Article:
In order to achieve my first goal of more officers, I advertised in the department with posters that Psi Chi would be holding officer elections. The meeting was a dismal failure with only one person present, who wasn't even a member. This outcome was very distressing to me as I had little interest in heading a group of people alone. To get things rolling, I found a member who was willing to serve and installed her as vice president. With an additional officer to work with me, our focus temporarily shifted to increasing membership applications in time for fall quarter inductions. We spoke to several classes that were tailored to psychology students who had already become majors or who were in the process of declaring their majors. This tactic was successful as we generated 21 new members that quarter. The induction ceremony also served as an election meeting which led to the election of eight new officers. I believe that "more is better" with officers, so we had some co-officers as well as a webmaster, publicist, and activities coordinator. We were ready to achieve the last two goals as well as to work on additional goals that had been developed in chapter meetings.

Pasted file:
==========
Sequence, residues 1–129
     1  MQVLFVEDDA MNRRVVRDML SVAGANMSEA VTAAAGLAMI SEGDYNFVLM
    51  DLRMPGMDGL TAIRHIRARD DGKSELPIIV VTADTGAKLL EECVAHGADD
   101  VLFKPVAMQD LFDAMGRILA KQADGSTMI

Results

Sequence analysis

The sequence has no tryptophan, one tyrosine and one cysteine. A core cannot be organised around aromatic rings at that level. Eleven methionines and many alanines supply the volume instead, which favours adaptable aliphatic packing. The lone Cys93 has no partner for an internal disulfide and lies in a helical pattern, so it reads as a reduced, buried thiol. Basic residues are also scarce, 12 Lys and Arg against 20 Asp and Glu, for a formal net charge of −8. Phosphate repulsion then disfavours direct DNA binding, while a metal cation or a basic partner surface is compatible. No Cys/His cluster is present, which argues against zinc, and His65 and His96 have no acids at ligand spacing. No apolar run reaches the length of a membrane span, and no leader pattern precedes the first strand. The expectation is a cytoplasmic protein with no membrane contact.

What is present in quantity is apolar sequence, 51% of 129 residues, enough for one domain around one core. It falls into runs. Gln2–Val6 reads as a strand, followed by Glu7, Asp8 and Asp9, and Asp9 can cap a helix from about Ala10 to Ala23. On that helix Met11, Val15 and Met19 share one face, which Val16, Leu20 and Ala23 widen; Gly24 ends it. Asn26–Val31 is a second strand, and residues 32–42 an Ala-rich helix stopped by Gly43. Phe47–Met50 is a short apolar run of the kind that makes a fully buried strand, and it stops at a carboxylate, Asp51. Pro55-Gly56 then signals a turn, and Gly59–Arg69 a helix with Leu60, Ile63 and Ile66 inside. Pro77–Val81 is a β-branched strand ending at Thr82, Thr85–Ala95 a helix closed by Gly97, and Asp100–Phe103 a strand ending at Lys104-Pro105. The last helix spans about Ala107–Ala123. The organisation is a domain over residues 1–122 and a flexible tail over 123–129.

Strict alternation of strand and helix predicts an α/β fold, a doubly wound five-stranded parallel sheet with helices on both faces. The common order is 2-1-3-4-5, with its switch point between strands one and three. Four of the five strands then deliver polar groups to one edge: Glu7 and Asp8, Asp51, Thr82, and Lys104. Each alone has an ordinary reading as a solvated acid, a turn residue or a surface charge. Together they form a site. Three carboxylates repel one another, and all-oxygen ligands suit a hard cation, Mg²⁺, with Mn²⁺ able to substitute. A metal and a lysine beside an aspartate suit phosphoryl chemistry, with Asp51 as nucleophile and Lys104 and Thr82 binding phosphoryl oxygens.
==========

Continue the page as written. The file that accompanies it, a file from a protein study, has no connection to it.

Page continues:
Fundraising is absolutely essential to a vital chapter. We were fortunate to have had the previous year's officers focus attention on making money. They had tried a number of projects, one of which I thought was worth continuing, a book sale. Through book collections in the department, we had collected a large inventory of used texts, novels, etc. These were sold at three quarterly sales which were very successful with total revenues exceeding $600. Additionally, Psi Chi merchandise was advertised on a newly established Psi Chi bulletin
board to increase both sales and visibility. Since then, the chapter bank account has grown larger, increasing options for activities and events that require financial support.